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The Maya Palace

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Hi there!

This is my first contribution to Lego Ideas.

Journey with me to the jungle of the Yucatan and explore this ancient Maya Palace.

Fun fact: scholars only use the word 'Mayan' when referring to the language, for all other means, Maya is the correct word and there is no distinction between singular or plural, i.e. one Maya and many Maya.

Beginning.

The inspiration comes from my last trip to my homeland, Mexico, when I visited the Archeological Site of Uxmal, a monumental and breathtaking ancient city constructed by the Maya around 850 A.D. 

Of all the buildings on this site, the one that excited me the most was the 'Governor's Palace'. An imposing construction hundreds of metres long that sits on a perpendicular axis to its surrounding buildings, making it stand out from the rest of the complex.

This colosal palace was built on top of a man made platform using local stone placed by hand.

From this magnificent edifice, the idea emerged.

Design.

I selected the sand stone colour bricks to represent the lime stone used in the real building, and began with the construction (creation) of the doorways. Once the doorways were completed, I began to assemble the main bodies of the build.

Starting with the central and most dominant body of the composition, featuring five doorways, the build extends to both sides by implementing two wings with two doorways each, connected by two grand gateways (used to cross the building in a perpendicular axis).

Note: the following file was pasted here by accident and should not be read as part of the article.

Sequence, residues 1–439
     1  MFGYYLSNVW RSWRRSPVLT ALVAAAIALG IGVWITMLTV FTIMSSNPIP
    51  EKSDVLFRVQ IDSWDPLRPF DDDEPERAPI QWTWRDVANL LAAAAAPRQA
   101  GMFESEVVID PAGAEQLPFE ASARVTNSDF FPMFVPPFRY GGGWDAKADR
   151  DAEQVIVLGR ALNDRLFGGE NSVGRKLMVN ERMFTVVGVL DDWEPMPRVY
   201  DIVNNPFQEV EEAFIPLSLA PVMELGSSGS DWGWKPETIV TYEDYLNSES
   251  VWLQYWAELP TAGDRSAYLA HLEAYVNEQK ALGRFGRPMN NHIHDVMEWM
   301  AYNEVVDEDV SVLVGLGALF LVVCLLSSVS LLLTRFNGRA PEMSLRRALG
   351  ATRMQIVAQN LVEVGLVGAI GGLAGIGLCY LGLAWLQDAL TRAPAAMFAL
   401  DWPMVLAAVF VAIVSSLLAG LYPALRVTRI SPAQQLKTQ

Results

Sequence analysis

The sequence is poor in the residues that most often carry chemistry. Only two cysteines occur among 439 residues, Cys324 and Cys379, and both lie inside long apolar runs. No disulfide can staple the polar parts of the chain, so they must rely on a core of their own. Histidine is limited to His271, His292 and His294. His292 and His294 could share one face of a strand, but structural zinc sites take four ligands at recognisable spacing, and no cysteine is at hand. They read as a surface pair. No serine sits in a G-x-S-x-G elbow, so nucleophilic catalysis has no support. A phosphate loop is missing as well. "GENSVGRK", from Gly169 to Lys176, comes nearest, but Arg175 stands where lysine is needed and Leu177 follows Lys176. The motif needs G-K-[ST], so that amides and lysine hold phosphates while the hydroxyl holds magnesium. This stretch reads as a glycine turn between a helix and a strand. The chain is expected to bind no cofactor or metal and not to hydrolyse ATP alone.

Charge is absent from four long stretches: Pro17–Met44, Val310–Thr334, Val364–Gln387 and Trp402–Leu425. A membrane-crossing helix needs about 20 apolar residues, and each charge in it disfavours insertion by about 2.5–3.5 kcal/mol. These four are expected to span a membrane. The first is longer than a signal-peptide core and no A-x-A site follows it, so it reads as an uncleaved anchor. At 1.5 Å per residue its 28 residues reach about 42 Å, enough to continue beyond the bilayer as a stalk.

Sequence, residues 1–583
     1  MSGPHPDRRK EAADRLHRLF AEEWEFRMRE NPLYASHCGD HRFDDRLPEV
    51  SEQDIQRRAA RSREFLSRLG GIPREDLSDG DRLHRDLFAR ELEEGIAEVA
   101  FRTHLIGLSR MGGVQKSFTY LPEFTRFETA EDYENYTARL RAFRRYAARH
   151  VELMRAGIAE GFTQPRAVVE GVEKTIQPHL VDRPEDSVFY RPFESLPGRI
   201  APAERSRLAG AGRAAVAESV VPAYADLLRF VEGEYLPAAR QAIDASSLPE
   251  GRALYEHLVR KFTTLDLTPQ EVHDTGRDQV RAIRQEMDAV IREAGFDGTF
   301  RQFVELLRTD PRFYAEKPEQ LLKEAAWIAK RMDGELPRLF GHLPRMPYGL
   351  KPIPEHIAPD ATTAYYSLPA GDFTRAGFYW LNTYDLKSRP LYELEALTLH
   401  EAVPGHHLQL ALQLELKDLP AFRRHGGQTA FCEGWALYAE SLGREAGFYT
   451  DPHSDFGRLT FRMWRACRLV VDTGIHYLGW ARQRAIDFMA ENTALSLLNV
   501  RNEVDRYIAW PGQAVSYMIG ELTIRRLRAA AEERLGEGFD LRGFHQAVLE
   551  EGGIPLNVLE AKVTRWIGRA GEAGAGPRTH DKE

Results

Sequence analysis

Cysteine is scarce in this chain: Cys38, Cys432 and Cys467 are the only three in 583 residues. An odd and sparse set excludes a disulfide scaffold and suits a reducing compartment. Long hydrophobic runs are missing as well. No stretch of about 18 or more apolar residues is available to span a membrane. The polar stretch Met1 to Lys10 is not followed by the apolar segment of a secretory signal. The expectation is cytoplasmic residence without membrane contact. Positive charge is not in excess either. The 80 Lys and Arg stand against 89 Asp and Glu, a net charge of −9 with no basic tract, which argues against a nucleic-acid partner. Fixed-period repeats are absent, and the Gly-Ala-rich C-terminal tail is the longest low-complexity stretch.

This arrangement resembles the existing real palace whilst keeping symmetry, symbolism and balance.

I decided to introduce a darker shade of sand stone to add some contrast and build the cornice on top, using geometrical patterns resembling ancient Maya Architecture, then I moved onto the platform supporting the building, keeping this one simple with few decorative elements.

Features.

The Maya did not have the concept of a traditional arch, therefore they used a more primitive method of displacing load by allocating one stone on top of the other, slightly offsetting them until forming a 'corbel arch'. I recreated this effect in the two grand gateways built with inverted stud lego techniques to form the angles.

The central staircase leads to the ground level where I have placed a two headed jaguar throne replicating the one found on the archeological site. Similarly to the gateways, the jaguar is also constructed using connecting studs in different directions.

And last but not least, I chose to add a tree to the composition as a symbolic representation of the jungle which surrounds the city. It is also a reference to the initial hand made drawings by the first explorers who re-discovered the site.

Play.

From the beginning, I felt it was essential for the set to not only include artistic elements of Maya Architecture, but to also be fun to play with.

Therefore, when choosing the scale of the set I made sure that Minifigures could be used to interact with the build, and not just that, the set is designed in such way that can be easily constructed and separated to create different combinations and scenarios for your next jungle adventure.

Technical.

3D model created using Lego BrickLink Studio 2.22.12(1)
2,268 pieces
Overall dimensions are H: 26.5 x W: 76.5 x D: 15.5 cms.

Final Note.

To view the original creation using real lego pieces, please visit my Instagram account.

I will also include videos and more content.

Hope you enjoy this set, and thank you for your support!

Yours sincerely,

Antonio

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